For the last 10 years the narrative has been that Nintendo ‘doesn’t get’ online.
Certainly, if you compare their endeavours in online multiplayer with those of Sony and Microsoft, there isn’t an argument to counter that assertion. However, there is an argument that in their own peculiar way, Nintendo has often been forward thinking with their use of online. Their efforts haven’t been consistent, elegant, reliable, or well supported, but they have always been interesting.
Despite the assumption that Nintendo has never cared for online connectivity, the truth is that they’ve been dabbling in it for over 25 years. First, with 1988s Famicom Modem – which received news and horoscopes via phone lines – and subsequently, with the Satellaview SNES peripheral.
Satellaview received information via the St.GIGA satellite service, including games, digital magazines and an early form of DLC. The service was moderately popular, but not a mainstream success. Nonetheless, it does illustrate that Nintendo have always had an eye on connected technologies.
The N64DD and Gamecube
Four years later, in the last days of the Nintendo 64, the N64DD peripheral was released in Japan. This add-on connected to Nintendo’s Randnet service allowing for score swapping, game spectating (take that, Twitch), web browsing and data exchange. Services that we take for granted with today’s consoles. Only nine games were released for the N64DD, and a lukewarm public response consigned it to a short life.
The next milestone for Nintendo was with the release of the GameCube in 2002. By using yet another peripheral (either a Broadband or Modem Adapter) the GameCube could be taken online or connected to a LAN. The first major title to use the adapter was Sega’s Phantasy Star Online, the standard-bearer for online RPGs in the early 00s. The game also supported a rather crazy, Japan-only ASCII Keyboard/Controller combination. Another item for the long list of curious, game specific Nintendo peripherals.
It was with the arrival of the DS and Wii that Nintendo started to take online more seriously at a consumer level. By 2005 titles such as Nintendogs had catapulted the DS from being Nintendo’s ‘third pillar’ to being their top-selling console. At the end of that year they unveiled the Nintendo Wi-Fi Connection, a service powered by GameSpy Technology that enabled selected games to be played online.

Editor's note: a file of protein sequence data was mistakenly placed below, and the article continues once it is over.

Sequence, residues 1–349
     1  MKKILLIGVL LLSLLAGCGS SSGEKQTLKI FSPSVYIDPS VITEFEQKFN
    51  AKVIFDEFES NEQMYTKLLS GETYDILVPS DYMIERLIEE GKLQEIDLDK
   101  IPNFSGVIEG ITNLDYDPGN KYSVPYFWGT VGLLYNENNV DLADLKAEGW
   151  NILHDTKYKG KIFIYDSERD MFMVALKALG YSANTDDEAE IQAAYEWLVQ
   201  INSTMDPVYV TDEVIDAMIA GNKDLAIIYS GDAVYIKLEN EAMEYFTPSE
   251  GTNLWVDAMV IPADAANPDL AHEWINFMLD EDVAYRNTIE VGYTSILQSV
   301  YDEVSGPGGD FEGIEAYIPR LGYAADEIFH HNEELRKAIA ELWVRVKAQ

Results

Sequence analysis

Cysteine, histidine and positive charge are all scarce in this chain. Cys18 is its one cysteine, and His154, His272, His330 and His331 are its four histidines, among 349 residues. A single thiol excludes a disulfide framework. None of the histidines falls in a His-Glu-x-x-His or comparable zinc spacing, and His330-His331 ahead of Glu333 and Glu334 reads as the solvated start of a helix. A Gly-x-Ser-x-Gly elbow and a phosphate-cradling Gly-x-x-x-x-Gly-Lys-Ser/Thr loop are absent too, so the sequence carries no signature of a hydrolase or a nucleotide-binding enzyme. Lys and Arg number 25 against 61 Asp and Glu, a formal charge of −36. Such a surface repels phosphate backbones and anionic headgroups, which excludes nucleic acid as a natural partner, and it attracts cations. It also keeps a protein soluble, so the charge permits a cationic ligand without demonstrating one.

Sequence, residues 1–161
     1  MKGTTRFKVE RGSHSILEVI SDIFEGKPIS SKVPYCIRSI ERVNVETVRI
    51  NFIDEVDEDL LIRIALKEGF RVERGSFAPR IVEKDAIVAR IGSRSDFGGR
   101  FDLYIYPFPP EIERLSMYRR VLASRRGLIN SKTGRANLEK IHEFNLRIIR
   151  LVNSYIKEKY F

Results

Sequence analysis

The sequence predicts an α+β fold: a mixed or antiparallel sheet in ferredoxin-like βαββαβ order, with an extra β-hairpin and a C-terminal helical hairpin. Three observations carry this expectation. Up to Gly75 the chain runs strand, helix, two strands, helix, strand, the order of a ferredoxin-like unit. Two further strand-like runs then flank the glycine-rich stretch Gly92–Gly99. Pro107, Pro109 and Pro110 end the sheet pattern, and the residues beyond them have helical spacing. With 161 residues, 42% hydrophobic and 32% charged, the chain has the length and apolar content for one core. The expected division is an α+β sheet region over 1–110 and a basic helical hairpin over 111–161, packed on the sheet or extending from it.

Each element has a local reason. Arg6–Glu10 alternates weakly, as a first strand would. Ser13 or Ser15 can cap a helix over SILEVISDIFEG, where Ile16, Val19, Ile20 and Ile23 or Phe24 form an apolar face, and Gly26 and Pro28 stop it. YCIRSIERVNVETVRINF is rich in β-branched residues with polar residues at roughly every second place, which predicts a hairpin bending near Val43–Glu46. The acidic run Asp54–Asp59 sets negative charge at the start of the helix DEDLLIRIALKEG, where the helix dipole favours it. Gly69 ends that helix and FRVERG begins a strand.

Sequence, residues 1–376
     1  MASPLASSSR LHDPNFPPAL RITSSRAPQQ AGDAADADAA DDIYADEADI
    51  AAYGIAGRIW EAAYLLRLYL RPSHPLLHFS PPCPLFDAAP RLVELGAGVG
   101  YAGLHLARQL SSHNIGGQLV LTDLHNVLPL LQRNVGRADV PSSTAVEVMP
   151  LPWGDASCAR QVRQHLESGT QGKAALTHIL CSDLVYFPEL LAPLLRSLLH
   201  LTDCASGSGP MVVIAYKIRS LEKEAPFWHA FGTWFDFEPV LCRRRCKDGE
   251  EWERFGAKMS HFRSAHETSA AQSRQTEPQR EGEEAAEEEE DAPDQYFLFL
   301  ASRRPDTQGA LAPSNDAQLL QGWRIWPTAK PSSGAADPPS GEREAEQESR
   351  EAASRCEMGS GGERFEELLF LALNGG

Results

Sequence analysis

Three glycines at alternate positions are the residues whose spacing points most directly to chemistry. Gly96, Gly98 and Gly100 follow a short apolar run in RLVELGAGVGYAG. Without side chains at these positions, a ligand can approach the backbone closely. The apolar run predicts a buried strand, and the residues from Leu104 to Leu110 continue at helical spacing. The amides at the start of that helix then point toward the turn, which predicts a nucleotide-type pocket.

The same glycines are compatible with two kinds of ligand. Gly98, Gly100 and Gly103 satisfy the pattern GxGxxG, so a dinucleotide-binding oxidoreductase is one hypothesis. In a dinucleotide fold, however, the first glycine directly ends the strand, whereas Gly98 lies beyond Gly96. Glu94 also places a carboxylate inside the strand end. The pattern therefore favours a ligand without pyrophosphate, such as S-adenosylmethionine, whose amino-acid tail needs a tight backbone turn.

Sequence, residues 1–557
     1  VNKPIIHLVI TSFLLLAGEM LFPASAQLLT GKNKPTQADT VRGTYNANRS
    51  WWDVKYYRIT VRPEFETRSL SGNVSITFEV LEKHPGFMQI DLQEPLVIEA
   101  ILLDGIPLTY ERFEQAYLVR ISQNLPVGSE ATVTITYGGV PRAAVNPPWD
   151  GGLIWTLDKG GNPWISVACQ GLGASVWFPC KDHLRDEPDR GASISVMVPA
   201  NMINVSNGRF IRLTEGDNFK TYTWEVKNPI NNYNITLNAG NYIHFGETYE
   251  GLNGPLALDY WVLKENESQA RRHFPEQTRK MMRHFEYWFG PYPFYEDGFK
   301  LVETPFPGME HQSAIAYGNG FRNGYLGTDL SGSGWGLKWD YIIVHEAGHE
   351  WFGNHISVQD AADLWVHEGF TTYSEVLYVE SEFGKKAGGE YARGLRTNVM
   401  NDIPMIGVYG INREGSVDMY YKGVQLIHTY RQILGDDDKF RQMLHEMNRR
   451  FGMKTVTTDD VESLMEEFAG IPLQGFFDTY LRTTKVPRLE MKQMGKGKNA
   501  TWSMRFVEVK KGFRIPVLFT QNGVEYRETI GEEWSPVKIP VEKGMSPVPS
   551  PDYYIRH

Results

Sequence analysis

In time, games such as Metroid Prime Hunters, Tony Hawk’s American Sk8land and Star Fox made good use of Nintendo WFC, but it was Mario Kart DS that was the big hit. The Mario Kart series always shines when played against real people, and opening it up to the entire world was an obvious, but thrilling, prospect. The reality didn’t quite match the promise, however. Nintendo WFC sessions could often be fragile, and more than one podium finish was thwarted by a dropped connection. But, it was another step forward.
Nintendo WFC was also supported by a comprehensive website that provided play statistics, leader boards and various other nuggets of data gleaned from participating games. The site certainly felt ahead of its time, the RockStar Social Club of its day.
And then, there were Friend Codes.
So let’s talk about Friend Codes. They were a mistake, there’s no doubt about it, but they were also created with the best of intentions. Nintendo’s thinking was that they would be used like phone numbers and given personally to, well, your friends. The idea that a player might want to connect with complete strangers seemed alien, an indication perhaps of how cultural attitudes to online relationships differ between east and west. And let’s not forget that Nintendo is very much a family focused company, so providing a safe environment for young players will always be front of mind. In an interview with GameDaily in 2008, Iwata said, “I don’t think the current system we have with friend codes is perfect. However, if it’s an online world where you can get access to anybody without any restrictions, I as a father do not feel like allowing my daughter be engaged in that kind of world.”
Understandable perhaps, but the knock-on effect was that building up a community of players took a lot of hard work. There’s no doubt that Friend Codes held the service back and dogs Nintendo to this day.
The fundamental difference with Nintendo’s approach was that ‘online’ always felt like an afterthought. A reaction. Whilst Microsoft and Sony ensured their online features were embedded at system level, Nintendo’s initiatives felt haphazard and lacked consistency. Nowhere is this better illustrated than with the Wii.
The Wii was the first Nintendo console designed to be constantly connected. Prior to launch, Iwata described the potential of Wii Connect 24 to Nikkei Business Publications, “Let’s say your Wii is connected to the Internet in a mode that allows activation on a 24-hour basis. This would allow Nintendo to send monthly promotional demos for the DS, during the night, to the Wii consoles in each household. Users would wake up each morning, find the LED lamp on their Wii flashing, and know that Nintendo has sent them something. They would then be able to download the promotional demo from their Wii systems to their Nintendo DS.”